Finally, we have to embrace constructivist learning. We can't be afraid of change. We must recognize the fundamental changes that 21st century skills will require of education. What does this mean? It means that we need to design more real-world like tasks. We need to encourage learning across boundaries: classrooms, schools, geographies. We need to ask more open-ended questions without right or wrong answers. We need to use team-based approaches to learning. We need to stop "drill-and-kill" methods of instructing. And we need to enable students to not only enter the workplace ready to participate in a social world, but encourage them to start participating now.

This is my take on how the unprecedented evolution of media from traditional sources to social, digital platforms will impact the education of our students. I used to hate watching the news when I was younger. Too much "bad stuff", but today you can choose the news you want to hear about, you can seek news of interest, you can easily find multiple perspectives on a story. Social media provides a wealth of information and the opportunity to transform yourself into the "expert" you want to become. Students are no exception.

Please share your own thoughts on how social media will impact education today and tomorrow.

Social Media Part 1: In the News

Have you noticed all the press that Twitter and Facebook are getting lately? Do you think the press is running scared? No, I don't think traditional media is going away, but social media is definitely giving them a run for their money.

Listen to this clip from Larry King Live after CNN loses a contest to Ashton Kutcher about who will get to 1 million twitter followers first.


The most telling point for me was when Ashton commented that he thought how significant it is that "we now live in an age, for media, that a single voice can have as much power and relevance, on the Web that is, as an entire media network." This is exactly what we've been talking about in my digital media class. The world is changing and everyone can have an equal voice.

Here are 5 articles within the last two weeks worth noting.
  1. Florida Blogger Wages War on Street Giant - Riding the train home the other day, someone had left a Post (the paper kind, not the blog kind) on the seat next to me. This article caught my eye. I include it here as a response to the article Feeling To Down to Rise Up that I wrote about in Thoughts on Readings - Week 4. It's a David vs. Goliath story of one man who took on questionable practices at Goldman Sachs through his blog postings. Again, it's just a new and different way of rising up.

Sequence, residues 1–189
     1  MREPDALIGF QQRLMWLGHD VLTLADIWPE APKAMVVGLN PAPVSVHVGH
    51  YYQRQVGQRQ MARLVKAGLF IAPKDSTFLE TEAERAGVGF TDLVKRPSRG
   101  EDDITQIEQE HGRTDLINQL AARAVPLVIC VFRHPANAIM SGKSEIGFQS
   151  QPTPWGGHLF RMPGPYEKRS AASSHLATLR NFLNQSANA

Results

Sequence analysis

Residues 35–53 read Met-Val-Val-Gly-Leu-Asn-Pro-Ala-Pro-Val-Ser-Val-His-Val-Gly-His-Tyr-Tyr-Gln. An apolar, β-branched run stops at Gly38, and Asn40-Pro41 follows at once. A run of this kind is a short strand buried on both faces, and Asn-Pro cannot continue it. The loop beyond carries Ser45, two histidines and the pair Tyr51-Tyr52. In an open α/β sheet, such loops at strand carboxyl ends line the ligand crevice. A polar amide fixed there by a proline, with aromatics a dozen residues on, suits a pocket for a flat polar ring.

2. The YouTube Presidency - Transparency has never been so transparent. Remember in "Back to the Future" Doc Brown, shocked at finding out that Ronald Reagan, the actor, was President in 1985 commented that it was no wonder - "in the 'future', you had to look good on television". Well, in 2009, you have to look good on YouTube! And Obama's widespread understanding and attachment to technology was just the person to do it.
  3. Let Them Eat Tweets - The author contends that our prescious connections - Twitter followers and Facebook friends - are really "liabilities that we pretend are assets" and that social networking has become overcrowded. I'm not sure I agree with her assessment but it's just another in the long line of Twitter articles popping up all the time.
  4. To Get to Carnegie Hall? Try Out on YouTube - Another glimpse into the possiblities that social networking offers. Maybe next time Carnegie Hall will host a virtual orchestra with each musician playing his/her part from the comfort of their own home. A very green idea, don't you think? My little nod to yesterday's Earth Day!
  5. J-Schools Play Catchup - While this article is not speaking about any specific social media outlet, it addresses a more widespread problem. "How do you position students for an uncertain future in the media?" Journalism schools all over the country are having to redesign their entire curriculum because of the new "digital, on-demand world" that is creating a whole new vocabulary for media. Like the video above says, everyone has an equally powerful voice; media is no longer one-directional.
Traditional media and digital social media are coming together, faster and faster. I think it's particularly relevant to mention that I read or viewed all of these on traditional media first. The Ashton Kutcher clip I watched on TV. The others I read in an actual newspaper. However, I found all of them online EASILY. Traditional media sources are being forced to jump on the digital bandwagon or be left behind.

Wondering how this is going to effect learning and education? Read the next installment: Social Media Part 2: The Effect on Education.

Wednesday, April 22, 2009

Webby WebQuests

I'm back from a short hiatus to tell you about the most recent project I've been working on. I recently took a seminar on how to integrate technology into curriculum using WebQuests. As an aspiring Educational Technology Specialist, I decided that I should create a WebQuest for my final project that would be usable, so I recruited my husband and his 4th grade class to be my guinea pigs.

But, let me take a step back. If you are at all interested in using technology in the classroom, I suspect you have heard of WebQuests, but I believe there may be some misconceptions about what they really are. Some people think they are just eFieldTrips. Some people think they are just a way to collect Web resources for a project. But, strictly speaking, a WebQuest is more than that.